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Old 26-08-2004, 02:16 AM
Incontinentius Buttocks
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Default Institutional flour tortilla press-- outcome

I received the Villamex V-33 (
yesterday. Great God in boots! I had no idea Brazil charged a 100% tax
on imported machinery. I do now, though :-(. So, declared value of the
press with a replacement element and replacement switch, declared
value U.S. $842, x2, plus $250 freight. Ouch!

At first I didn't think to pre-treat the surfaces with manteca/oil,
so my first attempt to use it was a disaster. After chatting with the
sales rep, I spread some butter on both surfaces and heated them for
half an hour or so (maybe someone can explain the difference between
manteca and mantequilla to me? In Portuguese butter is called
manteiga...). Once that was done, I tried again, and wow, this thing
works great. For nearly two G's it ought to, right? Tortillas come out
nice and round, real quick, and the surface is 34cm, not 30cm as I had
thought, so a well-centered ball of dough can yield a rather
generous-sized burrito tortilla.

So including the mind-boggling tax, this is by far the most
expensive piece of equipment for my new restaurant, more even than the
custom-made Subway-style hot/cold, burrito/wrap assembly area. Since
there is a heating element inside the "lid"--the upper surface that
swings down and smashes the dough--I will have to be careful to lower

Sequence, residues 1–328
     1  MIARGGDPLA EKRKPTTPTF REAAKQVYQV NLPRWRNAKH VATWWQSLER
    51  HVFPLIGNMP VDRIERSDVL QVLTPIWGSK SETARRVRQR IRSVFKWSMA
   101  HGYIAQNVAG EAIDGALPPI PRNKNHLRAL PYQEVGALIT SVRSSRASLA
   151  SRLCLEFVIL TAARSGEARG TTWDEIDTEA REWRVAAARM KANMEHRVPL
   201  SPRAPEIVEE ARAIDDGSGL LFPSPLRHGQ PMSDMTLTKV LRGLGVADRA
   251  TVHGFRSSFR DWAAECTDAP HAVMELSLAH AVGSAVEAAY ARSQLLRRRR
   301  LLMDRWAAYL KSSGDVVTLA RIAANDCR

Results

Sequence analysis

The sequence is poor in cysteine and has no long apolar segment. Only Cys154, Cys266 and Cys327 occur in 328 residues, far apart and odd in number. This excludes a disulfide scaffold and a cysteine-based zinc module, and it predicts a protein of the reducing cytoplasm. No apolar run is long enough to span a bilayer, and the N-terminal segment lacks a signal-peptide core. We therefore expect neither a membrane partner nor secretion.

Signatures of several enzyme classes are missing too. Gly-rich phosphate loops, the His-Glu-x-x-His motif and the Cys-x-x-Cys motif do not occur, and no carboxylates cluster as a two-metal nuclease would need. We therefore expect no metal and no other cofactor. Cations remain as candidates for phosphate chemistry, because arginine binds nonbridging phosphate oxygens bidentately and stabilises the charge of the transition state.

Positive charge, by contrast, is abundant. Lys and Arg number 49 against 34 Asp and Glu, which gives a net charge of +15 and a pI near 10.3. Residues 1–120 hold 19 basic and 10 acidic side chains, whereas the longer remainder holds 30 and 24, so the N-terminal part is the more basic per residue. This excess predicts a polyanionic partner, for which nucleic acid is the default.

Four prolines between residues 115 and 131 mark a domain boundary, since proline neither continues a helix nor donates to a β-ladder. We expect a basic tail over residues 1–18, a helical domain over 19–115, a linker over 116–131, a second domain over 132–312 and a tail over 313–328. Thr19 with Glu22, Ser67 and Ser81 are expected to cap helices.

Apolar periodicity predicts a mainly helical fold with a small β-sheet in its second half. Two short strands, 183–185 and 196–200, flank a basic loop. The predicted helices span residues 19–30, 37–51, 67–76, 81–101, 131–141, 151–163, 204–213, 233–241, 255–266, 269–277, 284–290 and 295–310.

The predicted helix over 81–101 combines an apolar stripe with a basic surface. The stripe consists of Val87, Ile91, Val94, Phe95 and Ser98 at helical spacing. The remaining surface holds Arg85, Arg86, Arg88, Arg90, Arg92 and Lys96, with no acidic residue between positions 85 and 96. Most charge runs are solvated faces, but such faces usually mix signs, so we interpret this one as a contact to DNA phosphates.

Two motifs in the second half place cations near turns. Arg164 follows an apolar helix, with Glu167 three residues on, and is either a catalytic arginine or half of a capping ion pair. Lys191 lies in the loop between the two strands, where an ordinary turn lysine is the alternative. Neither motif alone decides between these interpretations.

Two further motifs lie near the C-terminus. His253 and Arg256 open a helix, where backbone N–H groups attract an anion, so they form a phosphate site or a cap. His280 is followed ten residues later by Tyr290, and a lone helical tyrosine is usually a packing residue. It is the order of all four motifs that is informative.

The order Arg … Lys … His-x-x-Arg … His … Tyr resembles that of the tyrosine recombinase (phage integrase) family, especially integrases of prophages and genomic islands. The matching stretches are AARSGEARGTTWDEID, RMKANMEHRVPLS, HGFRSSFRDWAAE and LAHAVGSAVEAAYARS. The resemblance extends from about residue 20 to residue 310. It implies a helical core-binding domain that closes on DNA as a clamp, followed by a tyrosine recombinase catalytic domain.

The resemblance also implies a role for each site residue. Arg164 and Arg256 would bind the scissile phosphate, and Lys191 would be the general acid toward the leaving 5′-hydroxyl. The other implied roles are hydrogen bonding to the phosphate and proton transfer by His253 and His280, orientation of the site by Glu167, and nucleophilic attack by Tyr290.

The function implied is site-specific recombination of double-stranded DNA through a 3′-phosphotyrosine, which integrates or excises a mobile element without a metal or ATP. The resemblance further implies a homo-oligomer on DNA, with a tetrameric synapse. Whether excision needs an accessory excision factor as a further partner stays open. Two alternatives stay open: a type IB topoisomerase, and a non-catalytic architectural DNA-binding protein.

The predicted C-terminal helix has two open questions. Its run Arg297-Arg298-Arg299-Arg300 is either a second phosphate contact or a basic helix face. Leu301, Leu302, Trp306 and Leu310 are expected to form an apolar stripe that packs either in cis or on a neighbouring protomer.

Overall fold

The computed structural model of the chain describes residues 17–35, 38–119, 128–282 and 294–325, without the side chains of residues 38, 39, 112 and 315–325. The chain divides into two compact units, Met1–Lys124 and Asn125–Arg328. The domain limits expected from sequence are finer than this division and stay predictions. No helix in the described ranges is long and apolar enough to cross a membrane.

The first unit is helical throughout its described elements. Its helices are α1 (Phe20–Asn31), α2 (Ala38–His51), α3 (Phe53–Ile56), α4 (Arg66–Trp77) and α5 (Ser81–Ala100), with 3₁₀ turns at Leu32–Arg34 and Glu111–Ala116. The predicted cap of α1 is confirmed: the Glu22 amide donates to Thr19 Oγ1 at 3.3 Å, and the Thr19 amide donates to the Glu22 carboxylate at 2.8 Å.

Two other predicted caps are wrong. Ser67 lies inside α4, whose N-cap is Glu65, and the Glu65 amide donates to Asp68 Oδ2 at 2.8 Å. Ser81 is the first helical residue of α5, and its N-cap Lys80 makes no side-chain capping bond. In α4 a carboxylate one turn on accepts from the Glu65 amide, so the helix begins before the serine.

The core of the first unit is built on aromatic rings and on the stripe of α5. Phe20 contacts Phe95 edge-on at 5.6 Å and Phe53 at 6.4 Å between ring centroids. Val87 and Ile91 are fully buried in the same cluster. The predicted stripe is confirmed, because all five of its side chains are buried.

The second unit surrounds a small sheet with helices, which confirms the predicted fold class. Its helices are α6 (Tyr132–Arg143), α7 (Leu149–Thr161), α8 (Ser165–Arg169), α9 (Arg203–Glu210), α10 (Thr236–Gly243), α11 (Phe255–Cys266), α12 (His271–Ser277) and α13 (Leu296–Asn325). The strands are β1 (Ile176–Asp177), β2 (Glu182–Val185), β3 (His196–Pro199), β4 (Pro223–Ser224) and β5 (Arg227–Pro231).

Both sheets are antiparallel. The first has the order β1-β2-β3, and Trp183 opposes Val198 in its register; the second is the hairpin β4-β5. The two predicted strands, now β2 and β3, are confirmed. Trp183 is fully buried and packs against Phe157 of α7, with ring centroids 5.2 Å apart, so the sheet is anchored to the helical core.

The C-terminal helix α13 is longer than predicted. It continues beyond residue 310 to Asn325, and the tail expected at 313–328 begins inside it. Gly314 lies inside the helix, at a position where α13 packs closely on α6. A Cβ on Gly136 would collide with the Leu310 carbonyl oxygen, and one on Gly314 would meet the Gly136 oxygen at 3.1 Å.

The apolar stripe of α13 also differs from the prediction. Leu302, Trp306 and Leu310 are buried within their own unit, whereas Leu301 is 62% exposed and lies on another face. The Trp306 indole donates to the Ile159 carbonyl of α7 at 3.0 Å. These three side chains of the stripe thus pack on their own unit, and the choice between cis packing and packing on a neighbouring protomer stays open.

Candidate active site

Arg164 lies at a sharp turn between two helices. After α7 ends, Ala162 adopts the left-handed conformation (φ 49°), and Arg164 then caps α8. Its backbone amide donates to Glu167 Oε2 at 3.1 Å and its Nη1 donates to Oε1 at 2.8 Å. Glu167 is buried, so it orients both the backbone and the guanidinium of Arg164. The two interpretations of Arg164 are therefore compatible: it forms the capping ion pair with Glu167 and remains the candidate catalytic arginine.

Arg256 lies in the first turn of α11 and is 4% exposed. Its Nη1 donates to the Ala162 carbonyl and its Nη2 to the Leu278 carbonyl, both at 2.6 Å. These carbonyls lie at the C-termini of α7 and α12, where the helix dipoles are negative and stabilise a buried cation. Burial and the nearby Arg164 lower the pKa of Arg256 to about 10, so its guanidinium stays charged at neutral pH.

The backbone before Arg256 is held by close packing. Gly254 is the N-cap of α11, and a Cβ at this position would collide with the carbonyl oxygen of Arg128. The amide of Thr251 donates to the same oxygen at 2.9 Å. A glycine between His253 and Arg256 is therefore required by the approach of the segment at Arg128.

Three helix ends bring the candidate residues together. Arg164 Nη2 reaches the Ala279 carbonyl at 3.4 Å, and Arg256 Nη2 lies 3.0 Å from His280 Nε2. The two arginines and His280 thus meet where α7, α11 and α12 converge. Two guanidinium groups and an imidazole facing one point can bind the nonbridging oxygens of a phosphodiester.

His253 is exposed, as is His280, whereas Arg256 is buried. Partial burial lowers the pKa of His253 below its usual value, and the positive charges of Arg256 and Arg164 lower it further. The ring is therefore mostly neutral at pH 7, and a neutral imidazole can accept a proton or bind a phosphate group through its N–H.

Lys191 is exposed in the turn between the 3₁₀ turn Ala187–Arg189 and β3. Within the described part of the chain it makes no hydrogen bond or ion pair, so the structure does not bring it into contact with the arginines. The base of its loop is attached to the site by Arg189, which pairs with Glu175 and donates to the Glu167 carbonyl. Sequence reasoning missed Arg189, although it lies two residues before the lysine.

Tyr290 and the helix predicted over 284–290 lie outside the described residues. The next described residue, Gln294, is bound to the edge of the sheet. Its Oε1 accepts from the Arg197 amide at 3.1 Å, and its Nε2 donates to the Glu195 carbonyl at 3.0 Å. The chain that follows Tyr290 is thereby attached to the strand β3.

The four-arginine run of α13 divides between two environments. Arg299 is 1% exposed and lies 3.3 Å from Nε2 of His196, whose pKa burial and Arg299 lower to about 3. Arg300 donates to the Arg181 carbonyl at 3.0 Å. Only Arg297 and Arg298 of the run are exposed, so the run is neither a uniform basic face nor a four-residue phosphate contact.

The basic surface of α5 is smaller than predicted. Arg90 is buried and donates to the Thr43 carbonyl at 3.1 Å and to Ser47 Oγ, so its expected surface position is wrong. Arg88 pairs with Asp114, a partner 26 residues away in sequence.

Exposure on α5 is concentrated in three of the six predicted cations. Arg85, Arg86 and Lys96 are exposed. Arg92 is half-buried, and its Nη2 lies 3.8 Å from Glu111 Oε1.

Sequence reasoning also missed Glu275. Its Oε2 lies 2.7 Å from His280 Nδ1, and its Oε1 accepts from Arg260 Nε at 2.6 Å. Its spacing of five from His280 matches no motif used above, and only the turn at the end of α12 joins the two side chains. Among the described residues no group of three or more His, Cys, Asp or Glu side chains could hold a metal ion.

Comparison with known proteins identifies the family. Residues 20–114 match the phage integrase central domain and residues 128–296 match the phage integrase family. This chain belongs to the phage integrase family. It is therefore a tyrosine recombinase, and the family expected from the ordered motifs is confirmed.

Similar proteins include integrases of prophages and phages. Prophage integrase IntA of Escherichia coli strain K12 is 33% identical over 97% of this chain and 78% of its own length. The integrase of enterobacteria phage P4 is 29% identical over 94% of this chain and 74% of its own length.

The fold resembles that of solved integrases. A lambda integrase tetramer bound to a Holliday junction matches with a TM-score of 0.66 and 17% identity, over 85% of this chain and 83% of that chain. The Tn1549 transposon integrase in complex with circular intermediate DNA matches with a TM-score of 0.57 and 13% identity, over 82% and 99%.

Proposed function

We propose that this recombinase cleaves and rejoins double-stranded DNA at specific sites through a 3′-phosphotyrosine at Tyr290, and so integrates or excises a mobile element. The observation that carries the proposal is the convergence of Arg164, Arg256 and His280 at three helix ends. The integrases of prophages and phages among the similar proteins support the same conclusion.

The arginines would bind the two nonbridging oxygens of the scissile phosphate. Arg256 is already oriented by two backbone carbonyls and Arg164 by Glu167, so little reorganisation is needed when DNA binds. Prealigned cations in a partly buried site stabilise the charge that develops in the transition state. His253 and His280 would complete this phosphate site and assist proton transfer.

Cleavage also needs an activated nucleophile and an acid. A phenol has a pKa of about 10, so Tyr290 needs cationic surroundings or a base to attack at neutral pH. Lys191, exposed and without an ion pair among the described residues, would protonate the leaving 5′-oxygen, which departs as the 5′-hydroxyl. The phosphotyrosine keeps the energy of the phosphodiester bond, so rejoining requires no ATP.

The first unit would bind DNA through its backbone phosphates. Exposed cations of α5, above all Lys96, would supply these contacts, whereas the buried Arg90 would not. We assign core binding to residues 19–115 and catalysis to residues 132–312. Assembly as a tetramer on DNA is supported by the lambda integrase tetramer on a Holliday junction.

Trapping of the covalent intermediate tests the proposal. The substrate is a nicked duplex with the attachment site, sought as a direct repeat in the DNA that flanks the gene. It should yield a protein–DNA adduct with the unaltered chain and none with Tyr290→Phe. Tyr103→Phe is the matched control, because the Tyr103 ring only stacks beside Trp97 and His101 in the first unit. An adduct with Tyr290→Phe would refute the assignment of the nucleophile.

it carefully instead of slamming it down. Since I will be training my
employees to use it, I will have to make it clear that if it breaks
down we will all have to come in at 5 a.m. to roll tortillas by hand
until I manage to get the press fixed, so whoever breaks it is going
to be very unpopular.

So opening day is now just under three weeks away. Nine out of ten
people here don't even know what burritos or tortillas are, can you
believe that? They will now. I'd love to serve tacos, too, but from
the information I've picked up so far, including from Rolly's way-cool
website, corn tortillas are a LOT more complicated to make than flour
tortillas. So for now it's burritos, fajitas, and various kinds of
wraps. I've borrowed some ideas from Chipotle
(, Taco del Mar
(, and made up a number of wrap
combinations myself, including variations on a theme of peanut butter.
Peanut butter is also almost nonexistent here, so I have to grind my
own. Here's one you can try at home: Peanut butter, banana, semi-sweet
chocolate, and bacon. Taste first, then judge. If you can get dulce
de leche, try peanut butter, banana, dulce de leche, and cinnamon in a
fresh tortilla.

One thing that's going to be a bit of a challenge here is that in
Brazil, avocados are considered a "sweet" fruit, mashed up and mixed
with sugar or sweetener; never, never, never "salty". So describe
guacamole to a Brazilian, and you will get the same eew-gross reaction
that gringos (and Mexicans???) would have to avocados with sugar. So
the guacamole will have to be served on the side.

By the way, this happens to be the oyster harvesting capital of
Brazil. Anyone ever made an oyster burrito? I think I remember having
one ages ago in So. CA, but can't remember details. Maybe it was an
oyster burger...


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Old 26-08-2004, 02:47 AM
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On 25 Aug 2004 18:16:38 -0700, Incontinentius Buttocks wrote:

(maybe someone can explain the difference between manteca and
mantequilla to me? In Portuguese butter is called manteiga...)

In Spanish, manteca is lard (rarely butter), while mantequilla is
butter. And a mantequillera is a butter dish. If you're feeling
adventurous you could go here for The Manteca Story

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